Robert reyes ph d kimberly case ph d

  • MIDWEST

  • Lowest regional percentage of completions

  • CCCU institutions reported 11% - 12%

  • Comparison institutions had slight, but steady growth (12.5% - 13.8%)

  • 2009 gap = 1.0% - lowest among the regions

N = 40 CCCUN = 118 Comparison Institutions


Robert reyes ph d kimberly case ph d

  • SOUTHEAST

  • CCCU and comparison institutions experienced steady growth in completions.

  • CCCU:

    • 13.9% - 2003

    • 16.3% - 2009

  • Comparison institutions:

    • 18.1% - 2003

    • 20.8% - 2009

  • 2009 gap = 4.5%

N = 37 CCCUN = 91 Comparison Institutions


Robert reyes ph d kimberly case ph d

  • SOUTHWEST

  • Highest percentage of regional completions

  • CCCU had slight variations, but reached a high in 2009: 26.1%

  • Comparison institutions had steady growth with a high of 35.0% in 2009

  • 2009 gap= 8.9%

N = 17 CCCU N = 17 Comparison Institutions


Robert reyes ph d kimberly case ph d

  • WEST

  • CCCU varied slightly between 17.5% in 2003 and 18.8% in 2009.

  • Comparison institutions reached a high in 2007 with 31.1%.

  • 2009 gap = 11.2% - the most dramatic among the regions

N = 25 CCCUN = 35 Comparison Institutions


Robert reyes ph d kimberly case ph d

CCCU: Completion and Ethnicity, 2003-2009

  • NORTHEAST: African Americans are the largest group: 8-9% of graduates

  • MIDWEST: African Americans (4-5%) and Hispanics (3-4%)

  • SOUTHEAST: African Americans - steady growth (8.9%-10.5%)

  • SOUTHWEST: African Americans (7.8-8.5%) and Hispanics (6.7-10.1%) make up the largest groups among graduates

  • WEST: Hispanics are the largest group: 6.9% in 2003 to 9% in 2008; Asian/Pacific Islanders make up the next largest group (around 4% across years)


Faculty

Faculty


Robert reyes ph d kimberly case ph d

  • TENURED FACULTY

  • CCCU increased from 4.2% in 2005 to 5.8% in 2003.

  • Comparison institutions consistently have larger percentages of tenured faculty of color than CCCU institutions.

  • 2009 gap = 2.7%

N = 81 CCCU N = 294 Comparison Institutions


Robert reyes ph d kimberly case ph d

  • NON-TENURED

  • Comparison institutions experienced consistent growth in non-tenured faculty, reaching a high of 16.5% in 2009.

  • CCCU institutions remained at 12% between 2007 and 2009.

  • 2009 gap = 4.2

N = 81 CCCU N = 294 Comparison Institutions


Robert reyes ph d kimberly case ph d

  • NON-TENURE TRACK

  • Category includes institutions who do not have a tenure track as well as institutions who have tenured, non-tenured (but on a tenure track), and non-tenure track positions.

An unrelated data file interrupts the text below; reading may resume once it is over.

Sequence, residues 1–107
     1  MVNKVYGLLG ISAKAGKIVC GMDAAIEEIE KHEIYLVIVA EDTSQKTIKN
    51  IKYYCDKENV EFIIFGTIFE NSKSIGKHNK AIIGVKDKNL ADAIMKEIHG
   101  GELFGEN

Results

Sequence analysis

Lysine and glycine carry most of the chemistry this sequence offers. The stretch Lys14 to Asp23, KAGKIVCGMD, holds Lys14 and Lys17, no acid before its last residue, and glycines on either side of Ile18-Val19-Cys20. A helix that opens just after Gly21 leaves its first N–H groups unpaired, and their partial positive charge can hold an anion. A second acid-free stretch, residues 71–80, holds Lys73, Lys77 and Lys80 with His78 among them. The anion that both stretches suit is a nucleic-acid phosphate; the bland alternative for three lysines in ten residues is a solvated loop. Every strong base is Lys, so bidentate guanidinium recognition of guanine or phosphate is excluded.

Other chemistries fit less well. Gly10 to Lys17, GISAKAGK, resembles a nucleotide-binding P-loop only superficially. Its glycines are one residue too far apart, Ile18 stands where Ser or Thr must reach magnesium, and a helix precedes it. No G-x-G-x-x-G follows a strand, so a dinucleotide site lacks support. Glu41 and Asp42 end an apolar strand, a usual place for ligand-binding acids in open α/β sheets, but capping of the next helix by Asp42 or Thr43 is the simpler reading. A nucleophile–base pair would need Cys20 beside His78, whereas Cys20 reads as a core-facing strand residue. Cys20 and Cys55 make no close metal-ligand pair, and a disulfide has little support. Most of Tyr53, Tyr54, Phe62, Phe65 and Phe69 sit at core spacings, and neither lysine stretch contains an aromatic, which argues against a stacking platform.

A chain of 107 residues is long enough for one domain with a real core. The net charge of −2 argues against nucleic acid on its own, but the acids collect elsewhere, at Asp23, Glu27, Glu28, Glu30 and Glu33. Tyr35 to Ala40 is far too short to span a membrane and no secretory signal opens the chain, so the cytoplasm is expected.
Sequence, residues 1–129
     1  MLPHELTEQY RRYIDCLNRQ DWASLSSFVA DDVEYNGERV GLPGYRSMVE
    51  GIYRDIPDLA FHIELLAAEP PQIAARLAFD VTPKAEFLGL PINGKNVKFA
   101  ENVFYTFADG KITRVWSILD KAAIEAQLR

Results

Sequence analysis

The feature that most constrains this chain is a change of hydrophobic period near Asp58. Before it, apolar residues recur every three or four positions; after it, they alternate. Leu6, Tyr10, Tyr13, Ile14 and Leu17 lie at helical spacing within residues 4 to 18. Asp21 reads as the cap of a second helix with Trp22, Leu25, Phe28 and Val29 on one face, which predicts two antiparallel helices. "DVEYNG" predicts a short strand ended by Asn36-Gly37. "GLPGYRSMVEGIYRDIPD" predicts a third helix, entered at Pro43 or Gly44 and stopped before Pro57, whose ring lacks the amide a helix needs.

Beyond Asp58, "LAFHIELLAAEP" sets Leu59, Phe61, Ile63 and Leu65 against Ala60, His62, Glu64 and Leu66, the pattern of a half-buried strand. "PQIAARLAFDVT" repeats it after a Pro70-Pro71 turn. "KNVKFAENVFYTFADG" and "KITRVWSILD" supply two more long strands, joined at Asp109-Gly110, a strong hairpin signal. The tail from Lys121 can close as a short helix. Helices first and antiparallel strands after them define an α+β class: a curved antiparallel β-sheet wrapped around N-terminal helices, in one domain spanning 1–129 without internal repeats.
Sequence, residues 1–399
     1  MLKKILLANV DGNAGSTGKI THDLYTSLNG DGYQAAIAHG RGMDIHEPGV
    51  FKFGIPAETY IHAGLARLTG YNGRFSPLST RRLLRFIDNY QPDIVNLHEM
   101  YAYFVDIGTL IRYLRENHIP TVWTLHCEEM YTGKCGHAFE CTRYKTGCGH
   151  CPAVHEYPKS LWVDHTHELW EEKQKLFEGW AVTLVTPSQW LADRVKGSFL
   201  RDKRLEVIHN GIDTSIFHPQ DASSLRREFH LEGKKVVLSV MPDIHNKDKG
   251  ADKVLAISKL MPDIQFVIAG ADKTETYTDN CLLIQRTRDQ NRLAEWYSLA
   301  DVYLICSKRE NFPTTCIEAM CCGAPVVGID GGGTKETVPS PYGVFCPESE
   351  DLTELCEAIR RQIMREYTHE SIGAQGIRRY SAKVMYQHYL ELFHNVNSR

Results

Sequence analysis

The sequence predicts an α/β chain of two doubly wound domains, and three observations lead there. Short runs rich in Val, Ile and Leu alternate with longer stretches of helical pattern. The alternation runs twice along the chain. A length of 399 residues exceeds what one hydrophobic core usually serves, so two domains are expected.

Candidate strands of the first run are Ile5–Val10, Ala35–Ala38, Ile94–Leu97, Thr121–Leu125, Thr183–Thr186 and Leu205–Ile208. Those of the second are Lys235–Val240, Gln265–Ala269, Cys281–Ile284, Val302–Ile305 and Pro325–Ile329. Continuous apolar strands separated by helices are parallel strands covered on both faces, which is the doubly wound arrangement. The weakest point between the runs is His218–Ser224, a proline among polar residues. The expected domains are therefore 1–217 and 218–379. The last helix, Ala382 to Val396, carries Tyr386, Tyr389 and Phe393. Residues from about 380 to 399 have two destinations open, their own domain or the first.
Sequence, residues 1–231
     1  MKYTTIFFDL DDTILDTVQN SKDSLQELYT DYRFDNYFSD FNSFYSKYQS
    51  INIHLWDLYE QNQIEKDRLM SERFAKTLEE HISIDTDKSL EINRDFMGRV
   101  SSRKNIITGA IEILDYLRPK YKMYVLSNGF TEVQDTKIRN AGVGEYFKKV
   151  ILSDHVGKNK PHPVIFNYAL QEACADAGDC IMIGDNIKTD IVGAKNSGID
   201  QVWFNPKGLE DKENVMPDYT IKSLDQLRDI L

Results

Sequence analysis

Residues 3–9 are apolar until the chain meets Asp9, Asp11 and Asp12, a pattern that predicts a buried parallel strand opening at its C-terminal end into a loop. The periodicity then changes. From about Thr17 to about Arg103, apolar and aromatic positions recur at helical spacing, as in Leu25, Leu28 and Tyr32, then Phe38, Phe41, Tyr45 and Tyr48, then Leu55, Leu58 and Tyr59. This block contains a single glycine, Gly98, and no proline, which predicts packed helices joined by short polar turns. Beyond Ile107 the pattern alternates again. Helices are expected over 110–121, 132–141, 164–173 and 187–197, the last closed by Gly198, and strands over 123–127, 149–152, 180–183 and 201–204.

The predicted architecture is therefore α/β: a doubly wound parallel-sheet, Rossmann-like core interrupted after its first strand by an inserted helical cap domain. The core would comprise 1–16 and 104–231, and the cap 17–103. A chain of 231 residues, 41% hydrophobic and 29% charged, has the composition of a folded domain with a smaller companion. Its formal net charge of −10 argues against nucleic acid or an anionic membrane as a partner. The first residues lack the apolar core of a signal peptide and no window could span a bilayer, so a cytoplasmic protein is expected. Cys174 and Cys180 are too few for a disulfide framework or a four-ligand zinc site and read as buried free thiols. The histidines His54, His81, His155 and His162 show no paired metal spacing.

• CCCU institutions have hovered around 7% across years.

  • 2009 gap = 4.7%

N = 112 CCCUN = 363 Comparison Institutions


Robert reyes ph d kimberly case ph d

Tenured, Non-Tenured, and Non-Tenure Track Faculty of Color at CCCU Institutions by Region: 2005, 2007, 2009


Robert reyes ph d kimberly case ph d

  • Tenured, Non-Tenured, and Non-Tenure Track Faculty of Color at CCCU Institutions by Region: 2005, 2007, 2009


Administrators

Administrators


Robert reyes ph d kimberly case ph d

Administrators of Color at CCCU and Comparison Institutions


Conclusions

Conclusions

We are making gradual but steady gains in the recruitment or enrollment of students of color nationwide.

  • Significant gains were obtained in the Southwest. The lowest levels of diversity continue to be found in the Midwest.

    Attending to graduation and/or completion rates may be the next challenge ahead.

  • In most case the completion rates followed enrollment levels. Significant gaps (5% to 10 % points) were found between CCCU and non-CCCU schools, particularly in the Southwest and West regions.

The recruitment and retention of faculty of color continues to be an issue.

  • Most faculty in CCCU institutions are non-tenured faculty in tenure track positions.

    Representation of faculty of color in administrative ranks remains low.

    Attention to economic and demographic changes in different

    Regions will be critical in responding to issues of diversity.


Robert reyes ph d kimberly case ph d

Complete report can be found at:

http://citl.goshen.edu/

Special thanks to Sara Alvarez, Charlotte Barnett, and Daniel Moya, B.A.,

student research team, for work on the report.